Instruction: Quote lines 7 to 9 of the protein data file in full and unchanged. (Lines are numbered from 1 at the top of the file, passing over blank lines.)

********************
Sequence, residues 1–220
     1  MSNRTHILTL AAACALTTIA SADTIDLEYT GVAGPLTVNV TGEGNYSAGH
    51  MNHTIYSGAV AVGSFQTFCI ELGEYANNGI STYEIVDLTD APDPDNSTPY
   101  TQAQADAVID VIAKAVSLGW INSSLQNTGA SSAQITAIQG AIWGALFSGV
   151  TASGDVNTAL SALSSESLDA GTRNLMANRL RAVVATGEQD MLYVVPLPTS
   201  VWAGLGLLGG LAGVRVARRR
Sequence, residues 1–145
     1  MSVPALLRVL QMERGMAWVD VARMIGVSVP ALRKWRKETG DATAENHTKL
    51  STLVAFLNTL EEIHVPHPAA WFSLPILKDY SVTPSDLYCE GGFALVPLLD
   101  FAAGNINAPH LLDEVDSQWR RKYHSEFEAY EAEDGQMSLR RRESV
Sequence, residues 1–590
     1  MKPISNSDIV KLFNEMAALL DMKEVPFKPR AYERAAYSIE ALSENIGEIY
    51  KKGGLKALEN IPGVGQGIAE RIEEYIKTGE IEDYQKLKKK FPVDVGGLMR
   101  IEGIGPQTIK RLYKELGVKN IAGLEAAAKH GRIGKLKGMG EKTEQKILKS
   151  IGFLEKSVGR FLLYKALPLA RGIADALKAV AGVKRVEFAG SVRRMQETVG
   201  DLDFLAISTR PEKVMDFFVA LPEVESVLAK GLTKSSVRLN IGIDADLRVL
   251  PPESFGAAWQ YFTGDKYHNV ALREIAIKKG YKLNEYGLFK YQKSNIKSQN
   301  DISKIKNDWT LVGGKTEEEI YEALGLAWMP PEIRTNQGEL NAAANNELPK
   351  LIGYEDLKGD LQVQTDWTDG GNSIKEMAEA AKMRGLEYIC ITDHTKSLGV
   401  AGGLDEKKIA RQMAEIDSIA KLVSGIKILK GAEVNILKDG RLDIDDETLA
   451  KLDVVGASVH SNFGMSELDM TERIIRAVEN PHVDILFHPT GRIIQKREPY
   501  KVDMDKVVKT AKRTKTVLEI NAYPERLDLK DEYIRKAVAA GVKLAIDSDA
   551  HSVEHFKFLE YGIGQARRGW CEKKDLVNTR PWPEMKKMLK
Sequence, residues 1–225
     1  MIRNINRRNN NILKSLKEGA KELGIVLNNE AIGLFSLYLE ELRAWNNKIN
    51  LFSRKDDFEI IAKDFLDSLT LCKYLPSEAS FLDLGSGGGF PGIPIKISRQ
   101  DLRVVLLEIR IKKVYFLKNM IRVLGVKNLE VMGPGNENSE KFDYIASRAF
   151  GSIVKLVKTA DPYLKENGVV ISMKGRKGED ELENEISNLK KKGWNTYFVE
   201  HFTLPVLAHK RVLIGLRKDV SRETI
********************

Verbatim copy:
Sequence, residues 1–145
     1  MSVPALLRVL QMERGMAWVD VARMIGVSVP ALRKWRKETG DATAENHTKL
    51  STLVAFLNTL EEIHVPHPAA WFSLPILKDY SVTPSDLYCE GGFALVPLLD